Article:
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I am not a network specialist by trade, and I learn largely by trial and error after working here for 2 years. What I am trying to do now is set up the link between X and Z, figuring out the values in red so that clients and servers behind Z can use internet through X.

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Our existing network consists of Y and Z working properly. We also have a VPN trunk established through this link. I am now trying to set up X.

X came to me with LAN IP: 192.168.1.1/24 with DHCP. However, my clients and servers are actually on 192.168.3.*. After extensive reading, I came up with the values in RED. But it never worked for me.

Can I verify, theoretically, whether the setup above should work? If not, what is wrong? Is there an easier or more straight forward configuration to use?

Also, Z (DrayTek 3900) acts as a VPN server for client incoming connections and also maintains another VPN trunk to a remote site. In this case, would it be easier to just always static route X to Z?

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Can you get this to work, yes. With the equipment and software you've got, probably not, at least not the way you'd want it to work (I'm assuming you want to use 4G as a "backup" for your Internet connection). What is Z? Setup's like this really aren't "straight forward" at all... unless you simply buy a device that does it for you (easy, cheap, timely - pick two, and all that). –  Chris S Jul 31 '13 at 4:24
    
Have a look at Zeroshell this might be useful. –  vasco.debian Jul 31 '13 at 4:35
    
Sorry, Z is a DrayTek 3900. It supports Dual WAN and also HA. So, given that Z supports it, is the configuration correct? draytek.co.uk/products/vigor3900.html –  Jake Jul 31 '13 at 7:58

3 Answers 3

up vote 1 down vote accepted

It looks to me like you are trying to setup a dual wan connection to the internet. Connection Y being your isp fiber connection, and X being your 4g internet connection. I have done several dual wan setups almost exactly like this. It can be done. But Z needs to be a dual wan capable router, supporting either load balancing (sharing the bandwidth across both connections) or using wan2 as a failover backup wan (wan1 goes down, wan2 comes up). It will not work if your router does not support dual wan. Here is the dual wan router I used for a small business in remote Alaska that had a dsl connection to the isp, and a satellite as backup: http://www.newegg.com/Product/Product.aspx?Item=N82E16833124127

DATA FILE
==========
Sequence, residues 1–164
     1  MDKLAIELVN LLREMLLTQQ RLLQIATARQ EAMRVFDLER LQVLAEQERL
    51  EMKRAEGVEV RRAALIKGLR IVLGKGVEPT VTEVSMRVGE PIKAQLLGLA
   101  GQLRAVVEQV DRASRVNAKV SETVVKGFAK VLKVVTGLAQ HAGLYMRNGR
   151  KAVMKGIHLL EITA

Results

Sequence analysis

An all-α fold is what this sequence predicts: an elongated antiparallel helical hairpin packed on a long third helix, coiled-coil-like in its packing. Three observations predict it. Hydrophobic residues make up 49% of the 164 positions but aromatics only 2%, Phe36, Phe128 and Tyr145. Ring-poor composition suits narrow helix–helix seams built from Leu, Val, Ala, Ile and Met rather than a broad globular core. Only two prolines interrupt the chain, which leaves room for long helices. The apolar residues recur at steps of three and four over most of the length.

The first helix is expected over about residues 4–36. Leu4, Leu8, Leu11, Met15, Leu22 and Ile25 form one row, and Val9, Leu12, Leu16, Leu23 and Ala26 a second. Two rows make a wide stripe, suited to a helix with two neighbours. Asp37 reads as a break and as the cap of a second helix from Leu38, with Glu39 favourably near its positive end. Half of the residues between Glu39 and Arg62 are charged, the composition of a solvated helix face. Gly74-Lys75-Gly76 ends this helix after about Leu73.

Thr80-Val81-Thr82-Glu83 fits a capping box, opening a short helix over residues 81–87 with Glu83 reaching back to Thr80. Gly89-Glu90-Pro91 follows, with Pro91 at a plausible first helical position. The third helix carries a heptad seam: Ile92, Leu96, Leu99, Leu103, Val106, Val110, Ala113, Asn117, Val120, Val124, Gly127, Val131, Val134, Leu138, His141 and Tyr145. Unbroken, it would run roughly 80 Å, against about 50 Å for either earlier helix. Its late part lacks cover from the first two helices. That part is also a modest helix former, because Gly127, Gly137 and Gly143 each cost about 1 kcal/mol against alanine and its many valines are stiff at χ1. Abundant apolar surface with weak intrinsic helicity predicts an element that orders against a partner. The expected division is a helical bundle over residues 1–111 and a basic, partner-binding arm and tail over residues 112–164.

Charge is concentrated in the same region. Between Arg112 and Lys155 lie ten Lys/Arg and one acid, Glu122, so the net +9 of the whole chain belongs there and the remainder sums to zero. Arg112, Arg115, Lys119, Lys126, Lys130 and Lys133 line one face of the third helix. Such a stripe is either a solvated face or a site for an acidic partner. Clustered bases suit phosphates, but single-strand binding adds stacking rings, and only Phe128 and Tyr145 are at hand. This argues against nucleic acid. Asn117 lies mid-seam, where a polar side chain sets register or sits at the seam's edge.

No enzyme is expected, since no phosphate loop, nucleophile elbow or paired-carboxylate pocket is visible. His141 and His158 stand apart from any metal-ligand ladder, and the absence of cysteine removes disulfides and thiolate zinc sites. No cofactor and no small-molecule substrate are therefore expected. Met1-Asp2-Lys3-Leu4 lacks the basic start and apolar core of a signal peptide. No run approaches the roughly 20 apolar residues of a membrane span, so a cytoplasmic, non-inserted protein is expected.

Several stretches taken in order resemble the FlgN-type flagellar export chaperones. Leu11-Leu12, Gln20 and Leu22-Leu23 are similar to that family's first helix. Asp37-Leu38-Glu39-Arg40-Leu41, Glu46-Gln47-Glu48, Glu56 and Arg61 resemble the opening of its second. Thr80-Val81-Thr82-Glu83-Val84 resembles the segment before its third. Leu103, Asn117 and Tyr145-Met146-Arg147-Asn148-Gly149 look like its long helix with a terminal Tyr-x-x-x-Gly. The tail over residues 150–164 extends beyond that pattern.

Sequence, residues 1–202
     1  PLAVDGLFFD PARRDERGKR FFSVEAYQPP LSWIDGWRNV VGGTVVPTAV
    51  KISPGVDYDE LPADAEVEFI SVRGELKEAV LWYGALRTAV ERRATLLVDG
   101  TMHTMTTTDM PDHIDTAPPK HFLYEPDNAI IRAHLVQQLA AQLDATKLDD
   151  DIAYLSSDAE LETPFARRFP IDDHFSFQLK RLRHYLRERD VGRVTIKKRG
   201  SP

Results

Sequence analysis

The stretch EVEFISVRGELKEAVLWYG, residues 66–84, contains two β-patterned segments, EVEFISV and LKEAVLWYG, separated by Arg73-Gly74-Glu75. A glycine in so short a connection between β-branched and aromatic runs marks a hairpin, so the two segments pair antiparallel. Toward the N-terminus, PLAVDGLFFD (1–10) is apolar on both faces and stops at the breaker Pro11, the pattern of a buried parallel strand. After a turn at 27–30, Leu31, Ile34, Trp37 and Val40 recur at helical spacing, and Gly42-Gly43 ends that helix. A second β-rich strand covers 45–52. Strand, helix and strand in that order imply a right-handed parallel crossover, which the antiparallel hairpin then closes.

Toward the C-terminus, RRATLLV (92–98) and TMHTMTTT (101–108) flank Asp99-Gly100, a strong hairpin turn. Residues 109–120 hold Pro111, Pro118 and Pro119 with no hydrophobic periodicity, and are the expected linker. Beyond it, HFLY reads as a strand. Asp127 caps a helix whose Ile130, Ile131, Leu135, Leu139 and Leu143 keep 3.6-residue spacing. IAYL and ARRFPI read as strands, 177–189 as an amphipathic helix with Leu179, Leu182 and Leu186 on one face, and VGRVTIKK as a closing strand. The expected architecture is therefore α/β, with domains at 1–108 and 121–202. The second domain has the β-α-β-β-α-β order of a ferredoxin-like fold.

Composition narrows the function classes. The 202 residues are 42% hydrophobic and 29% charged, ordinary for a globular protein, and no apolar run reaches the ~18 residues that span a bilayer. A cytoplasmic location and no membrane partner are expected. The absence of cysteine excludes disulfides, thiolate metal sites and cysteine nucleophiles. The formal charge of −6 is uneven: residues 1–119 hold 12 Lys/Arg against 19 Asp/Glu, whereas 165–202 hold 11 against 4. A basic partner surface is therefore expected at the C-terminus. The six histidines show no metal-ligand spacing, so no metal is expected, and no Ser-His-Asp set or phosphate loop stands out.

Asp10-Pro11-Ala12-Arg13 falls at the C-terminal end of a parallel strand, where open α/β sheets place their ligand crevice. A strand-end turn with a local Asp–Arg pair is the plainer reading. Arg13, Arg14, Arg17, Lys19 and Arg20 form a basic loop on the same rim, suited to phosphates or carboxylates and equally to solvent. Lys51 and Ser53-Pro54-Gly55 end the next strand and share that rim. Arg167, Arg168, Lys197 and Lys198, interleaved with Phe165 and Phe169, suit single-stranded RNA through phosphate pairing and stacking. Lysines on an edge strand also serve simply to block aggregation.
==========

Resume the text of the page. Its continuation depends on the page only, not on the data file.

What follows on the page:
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Sorry, Z is a DrayTek 3900. What I want to know is whether the IP and subnet configuration should actually work. –  Jake Jul 31 '13 at 8:00
    
Yes that ip config should work. Your gateway is 192.168.1.1 and the wan ip of 192.168.1.254 should connect to X that way. –  Ben Jul 31 '13 at 17:05

The setup looks fine, assuming dual WAN is properly configured on the DrayTek. You'll have dual NAT to the 4G LTE network, but those typically don't support the kinds of things that dual NAT breaks anyway.

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The mask /22 for your X IP address is odd. I guess you meant to include the 192.168.3.x addresses with that but that wont work. Your mask must be /24 in all 192.168.1.x nodes. Next to this, set portforwarding from X towards 192.168.1.254 for anything that you want to be able to access the 192.168.3 net from the Internet (in your case in particular the VPN). If possible with your equipment, define 192.168.1.254 as a DMZ host in your X router. That will forward anything to it by default and is by far the easiest solution.

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Huh? You can subnet RFC1918 address ranges however you want - the constraint is that all nodes in a subnet have to have the same netmask (and network number), so that there is a return path (among other reasons). Also, this "DMZ" thing typically exists only on consumer-level hardware... –  Falcon Momot Oct 16 '13 at 14:13

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